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Statistical Advisor, Searching for Factors or Dimensions

Use one of the following to explore data and search for structure/patterns/factors/clusters.

Factor Analysis

The Factor Analysis chapter discusses techniques for performing factor and principal components analysis. In general, the goal of these analyses is to detect underlying dimensions that explain relations between multiple variables. For example, if one would factor analyze four different measures of size (e.g., height, weight, shoe-size, arm length) taken in a sample of 100 people, then factor analysis would most likely return one dimension. One might appropriately label that dimension as 'size.' Computationally, factor analysis is based on the correlation matrix; the program will attempt to find the minimum number of factors necessary to reproduce the observed correlations.

Correspondence Analysis

Correspondence analysis is a descriptive/exploratory technique designed to analyze two-way and multi-way tables containing some measure of correspondence between the rows and columns. The results provide information which is similar in nature to those produced by factor analysis techniques, and they allow one to explore the structure of categorical variables included in the table. The most common kind of table of this type is the two-way frequency crosstabulation table (see for example the Basic Statistics or Log-Linear chapter).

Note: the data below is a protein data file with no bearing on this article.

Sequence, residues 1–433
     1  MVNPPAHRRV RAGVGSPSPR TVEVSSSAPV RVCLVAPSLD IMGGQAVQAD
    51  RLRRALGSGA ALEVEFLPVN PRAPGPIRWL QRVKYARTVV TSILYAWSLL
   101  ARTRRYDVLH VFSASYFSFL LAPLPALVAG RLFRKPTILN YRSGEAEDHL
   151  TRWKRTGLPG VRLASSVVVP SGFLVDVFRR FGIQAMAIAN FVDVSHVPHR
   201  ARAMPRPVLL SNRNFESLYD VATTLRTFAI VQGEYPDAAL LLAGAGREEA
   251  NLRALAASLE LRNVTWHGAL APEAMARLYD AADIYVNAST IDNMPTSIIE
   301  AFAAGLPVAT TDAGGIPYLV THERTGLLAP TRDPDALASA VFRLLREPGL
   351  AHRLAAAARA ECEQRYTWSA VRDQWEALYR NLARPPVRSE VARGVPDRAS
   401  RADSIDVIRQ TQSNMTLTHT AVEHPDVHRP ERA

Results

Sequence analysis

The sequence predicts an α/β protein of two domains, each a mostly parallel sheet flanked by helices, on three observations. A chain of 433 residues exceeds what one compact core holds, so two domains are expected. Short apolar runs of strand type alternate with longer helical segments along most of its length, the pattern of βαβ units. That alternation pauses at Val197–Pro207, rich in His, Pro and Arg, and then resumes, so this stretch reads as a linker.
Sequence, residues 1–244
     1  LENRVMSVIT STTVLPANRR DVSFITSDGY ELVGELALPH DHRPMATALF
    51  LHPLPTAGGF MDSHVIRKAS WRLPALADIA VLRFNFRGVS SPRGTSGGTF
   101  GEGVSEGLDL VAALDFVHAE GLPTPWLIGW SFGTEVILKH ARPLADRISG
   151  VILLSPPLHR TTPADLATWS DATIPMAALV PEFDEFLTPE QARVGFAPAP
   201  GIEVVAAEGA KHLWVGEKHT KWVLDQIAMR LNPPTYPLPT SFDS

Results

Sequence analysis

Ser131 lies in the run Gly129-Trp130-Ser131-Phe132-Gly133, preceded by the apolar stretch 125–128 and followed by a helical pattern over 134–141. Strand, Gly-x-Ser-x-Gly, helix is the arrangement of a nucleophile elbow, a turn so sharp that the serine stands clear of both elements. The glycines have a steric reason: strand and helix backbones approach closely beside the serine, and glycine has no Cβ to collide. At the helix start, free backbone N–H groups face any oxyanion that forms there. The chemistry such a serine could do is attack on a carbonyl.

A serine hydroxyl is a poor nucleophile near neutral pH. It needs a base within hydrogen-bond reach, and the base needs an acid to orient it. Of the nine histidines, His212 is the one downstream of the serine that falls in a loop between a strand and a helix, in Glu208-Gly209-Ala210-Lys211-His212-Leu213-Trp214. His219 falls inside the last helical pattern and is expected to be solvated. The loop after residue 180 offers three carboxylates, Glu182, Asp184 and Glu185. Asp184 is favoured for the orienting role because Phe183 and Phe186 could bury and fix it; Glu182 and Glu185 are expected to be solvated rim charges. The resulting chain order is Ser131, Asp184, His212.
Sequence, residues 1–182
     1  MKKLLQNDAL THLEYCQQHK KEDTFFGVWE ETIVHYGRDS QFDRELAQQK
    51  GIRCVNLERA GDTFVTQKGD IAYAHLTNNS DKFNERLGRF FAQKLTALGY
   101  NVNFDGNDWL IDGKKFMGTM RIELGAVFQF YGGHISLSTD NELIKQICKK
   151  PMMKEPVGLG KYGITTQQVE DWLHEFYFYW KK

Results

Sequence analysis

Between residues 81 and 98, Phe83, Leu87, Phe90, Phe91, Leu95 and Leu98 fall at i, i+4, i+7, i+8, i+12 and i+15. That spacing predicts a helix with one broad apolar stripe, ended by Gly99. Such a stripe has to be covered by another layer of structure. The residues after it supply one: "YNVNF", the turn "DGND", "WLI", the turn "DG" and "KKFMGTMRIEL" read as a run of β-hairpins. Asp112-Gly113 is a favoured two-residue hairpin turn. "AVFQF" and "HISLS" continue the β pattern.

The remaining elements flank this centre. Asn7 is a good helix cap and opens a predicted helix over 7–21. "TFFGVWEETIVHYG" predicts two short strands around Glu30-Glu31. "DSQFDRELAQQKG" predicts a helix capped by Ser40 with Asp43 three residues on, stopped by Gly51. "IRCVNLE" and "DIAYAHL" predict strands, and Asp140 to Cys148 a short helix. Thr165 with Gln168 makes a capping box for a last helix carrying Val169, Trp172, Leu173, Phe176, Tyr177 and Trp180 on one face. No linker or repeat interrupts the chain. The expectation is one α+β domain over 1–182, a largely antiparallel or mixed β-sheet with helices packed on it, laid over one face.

Multidimensional Scaling

Multidimensional Scaling chapter discusses non-metric multidimensional scaling, based on similarities or dissimilarities. Like factor analysis, the goal of multidimensional scaling is to detect underlying dimensions for a set of multiple input variables. However, unlike factor analysis which is based on the correlation matrix of variables, multidimensional scaling begins with a similarity or dissimilarity matrix. These dis/similarities can be actual ratings, or derived in other ways (e.g., geographic distances). It is not necessary for these dis/similarities to be precise measurements; it is only required that the dis/similarity values contain rank order information (for example, that greater similarity values indeed indicate greater similarity).

Partial Least Squares (PLS)

Partial Least Squares (PLS) chapter discusses an implementation of partial least squares (PLS). PLS allows you to extract factors (components) from a data set that includes one or more predictor variables, and one or more dependent (response) variables.